Shadia: Loving dogs at a distance

If you've lived near a Muslim or a Middle Eastern family, or if you know one, then you've probably seen them act a little weird around dogs.

And there are probably few things funnier — or more perplexing — than seeing a full-grown Muslim run, or get visibly uncomfortable, when a dog rushes toward him.

I was that way for a while, and I'll get back to you on why.

But generally, there's a sense out there that Muslims or Islam have a bone to pick with dogs.

As usual, it's more complicated than that. It's quite the opposite, actually. Dogs are mentioned in a positive light in Islam.

There's a story that goes like this: A man was once in deep thirst while on the road. He eventually found a well of water, lowered himself into it, and fulfilled his thirst. On his way out, he found a dog with his tongue out in thirst. So the man went back to the well and scooped water with one of his shoes so the dog could drink. He did this until the dog's thirst was fulfilled.

We are taught that for that simple act of kindness toward the dog, God forgave all of the man's sins, and he was rewarded with paradise.

So why do some Muslims act weirdly around dogs or, in some well-documented instances — like taxi drivers or store owners refusing to give service to blind individuals because they have guide dogs — act in a cruel manner toward them?

It's a combination of two things.

Islam has four dominant schools of thought. Muslims usually follow one — or none.

Each school of thought is referred to by the name of a Muslim scholar who provided rulings on various issues based on analysis of the Koran and the Prophet Muhammad's life and statements. They range from being very conservative to being liberal on numerous questions.

Those scholars usually disagree and give different rulings on the same issues, but they're all nonetheless credible and highly respected by Muslims.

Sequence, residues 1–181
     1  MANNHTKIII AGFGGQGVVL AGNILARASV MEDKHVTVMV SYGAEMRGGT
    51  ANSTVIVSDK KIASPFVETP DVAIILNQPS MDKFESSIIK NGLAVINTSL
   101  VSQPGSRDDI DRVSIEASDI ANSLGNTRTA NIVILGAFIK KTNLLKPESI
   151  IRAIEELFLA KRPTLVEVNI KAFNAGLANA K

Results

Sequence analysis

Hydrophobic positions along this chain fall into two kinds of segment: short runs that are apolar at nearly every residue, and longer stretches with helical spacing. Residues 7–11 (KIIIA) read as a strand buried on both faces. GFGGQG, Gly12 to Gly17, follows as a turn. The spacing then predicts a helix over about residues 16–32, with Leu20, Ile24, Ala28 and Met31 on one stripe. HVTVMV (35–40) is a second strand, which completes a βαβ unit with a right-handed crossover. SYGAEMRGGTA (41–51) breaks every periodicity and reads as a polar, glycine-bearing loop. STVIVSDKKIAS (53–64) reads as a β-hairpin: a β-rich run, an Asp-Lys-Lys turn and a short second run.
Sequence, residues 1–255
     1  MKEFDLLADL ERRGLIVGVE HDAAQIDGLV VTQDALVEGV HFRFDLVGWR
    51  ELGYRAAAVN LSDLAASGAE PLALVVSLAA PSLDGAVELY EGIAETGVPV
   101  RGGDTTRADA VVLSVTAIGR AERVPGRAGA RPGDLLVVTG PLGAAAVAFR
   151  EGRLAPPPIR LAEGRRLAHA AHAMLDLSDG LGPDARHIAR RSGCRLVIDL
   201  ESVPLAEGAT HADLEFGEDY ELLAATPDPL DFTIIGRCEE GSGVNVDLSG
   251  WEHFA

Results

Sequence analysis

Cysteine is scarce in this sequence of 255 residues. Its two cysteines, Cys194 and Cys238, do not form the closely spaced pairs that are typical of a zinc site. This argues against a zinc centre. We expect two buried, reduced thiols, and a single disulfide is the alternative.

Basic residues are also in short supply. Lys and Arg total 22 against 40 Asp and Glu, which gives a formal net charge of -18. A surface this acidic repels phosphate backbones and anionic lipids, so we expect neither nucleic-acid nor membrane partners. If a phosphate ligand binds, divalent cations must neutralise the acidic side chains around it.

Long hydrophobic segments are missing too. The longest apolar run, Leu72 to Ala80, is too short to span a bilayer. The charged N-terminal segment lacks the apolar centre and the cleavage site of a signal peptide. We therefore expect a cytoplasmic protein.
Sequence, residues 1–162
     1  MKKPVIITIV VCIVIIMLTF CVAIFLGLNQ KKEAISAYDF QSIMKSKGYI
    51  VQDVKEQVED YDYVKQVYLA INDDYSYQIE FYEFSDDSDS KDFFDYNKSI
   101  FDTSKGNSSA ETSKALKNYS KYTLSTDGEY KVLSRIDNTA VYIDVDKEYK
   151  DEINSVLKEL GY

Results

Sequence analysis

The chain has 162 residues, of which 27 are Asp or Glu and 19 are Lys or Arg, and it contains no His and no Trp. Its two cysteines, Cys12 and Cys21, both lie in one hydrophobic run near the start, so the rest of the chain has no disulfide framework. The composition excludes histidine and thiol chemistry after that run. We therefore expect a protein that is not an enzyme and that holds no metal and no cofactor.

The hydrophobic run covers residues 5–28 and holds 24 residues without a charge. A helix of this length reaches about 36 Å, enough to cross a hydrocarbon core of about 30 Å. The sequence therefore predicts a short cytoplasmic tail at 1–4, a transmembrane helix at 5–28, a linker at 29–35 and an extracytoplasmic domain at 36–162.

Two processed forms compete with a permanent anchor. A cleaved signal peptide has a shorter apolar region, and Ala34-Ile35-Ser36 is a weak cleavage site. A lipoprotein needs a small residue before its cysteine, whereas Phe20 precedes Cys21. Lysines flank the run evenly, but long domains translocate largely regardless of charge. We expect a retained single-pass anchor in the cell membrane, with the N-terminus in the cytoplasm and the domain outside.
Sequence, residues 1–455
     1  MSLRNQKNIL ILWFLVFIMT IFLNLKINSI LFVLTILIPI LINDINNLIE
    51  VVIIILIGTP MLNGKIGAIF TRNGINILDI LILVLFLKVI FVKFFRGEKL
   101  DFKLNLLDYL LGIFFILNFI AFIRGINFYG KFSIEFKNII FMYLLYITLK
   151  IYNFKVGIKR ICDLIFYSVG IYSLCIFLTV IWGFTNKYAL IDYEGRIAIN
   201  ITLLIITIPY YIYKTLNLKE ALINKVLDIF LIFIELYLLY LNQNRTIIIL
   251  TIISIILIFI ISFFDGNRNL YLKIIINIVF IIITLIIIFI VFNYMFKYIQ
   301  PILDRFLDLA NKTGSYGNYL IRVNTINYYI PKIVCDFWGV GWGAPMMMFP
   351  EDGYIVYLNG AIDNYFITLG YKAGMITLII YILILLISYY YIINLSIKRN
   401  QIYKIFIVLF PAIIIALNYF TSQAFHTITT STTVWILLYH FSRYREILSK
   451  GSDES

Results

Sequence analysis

Two Islamic schools of thought, the Shaafi'i and Hanbali, contend that a dog's nasal area, which is often wet, is "najis," or impure, and that means if it touches you or your clothes, you must wash up before praying. It has nothing to do with the dog itself.

If you follow those opinions, you can still have a service dog, guard dog or even a dog as a pet, provided that you keep it mostly in the backyard, make sure it doesn't touch your prayer area, care for it and play with it.

Another school of thought, the Maliki, disagrees. According to Maliki, a dog's nasal area is not impure, and if it touches you, it's no big deal at all.

Some Muslims who follow the impurity opinion take it up a notch, often out of ignorance, and act as if the dog were a disease. They get uncomfortable, freak out or act unkindly when one comes near them and, of course, irresponsibly and unjustly cite Islam.

The other factor is that the places and countries that Middle Easterners come from sometimes negatively influence their reactions toward dogs. For me, the culture and some personal weirdness, not Islam, are what influence my reaction.

In the Middle East, dogs freely roam the streets. They're dirty and sometimes sick or vicious. In Egypt, you stay away from dogs; you don't make space for them in your bed. (I should note that when I went to Egypt in 2010, I didn't notice as many dogs on the streets.)

When we were little, my sister was chased by a dog on two different occasions. She got bitten once in the thigh and still has a round scar there.

I was petrified of dogs.

I also have hygiene issues and have always been this way. I wash my hands many times during the day. I sometimes get up in the middle of eating to wash my hands if I think they got too dirty, then I wash them again after I finish eating.

It's weird, I know.

So I don't like it when a dog's nasal area, especially a drooling one, touches me. I don't like it when I can smell the scent of any animal or when any animal touches me. If I were able to get past that hurdle, I would have a dog for a pet because I'm often characterized as a dog person and some of them are very cute.

It's not the dogs; it's me.

My friend Eric — who loves his dogs, kisses them and lets them (eww!) lick his face — once said, "Mona is not as scared of the dog hurting her as much as she's scared of it kissing her."

So if you see a Muslim or a Middle Easterner act weirdly around a dog, remember that it's probably complicated. If you see a Muslim act unkindly toward a dog and give you the "Islam says" excuse to justify it, know that it's probably ignorance.

Tell them the story about the man who went to heaven for helping a dog. Tell them what the Islamic schools of thought say and how their differing opinions still have nothing against dogs. That'll give them something to think about.

MONA SHADIA is a reporter for Times Community News. An Egyptian American, she was born and raised in Cairo and now lives in Orange County. Her column includes various questions and issues facing Muslims in America. Follow her on Twitter @MonaShadia.

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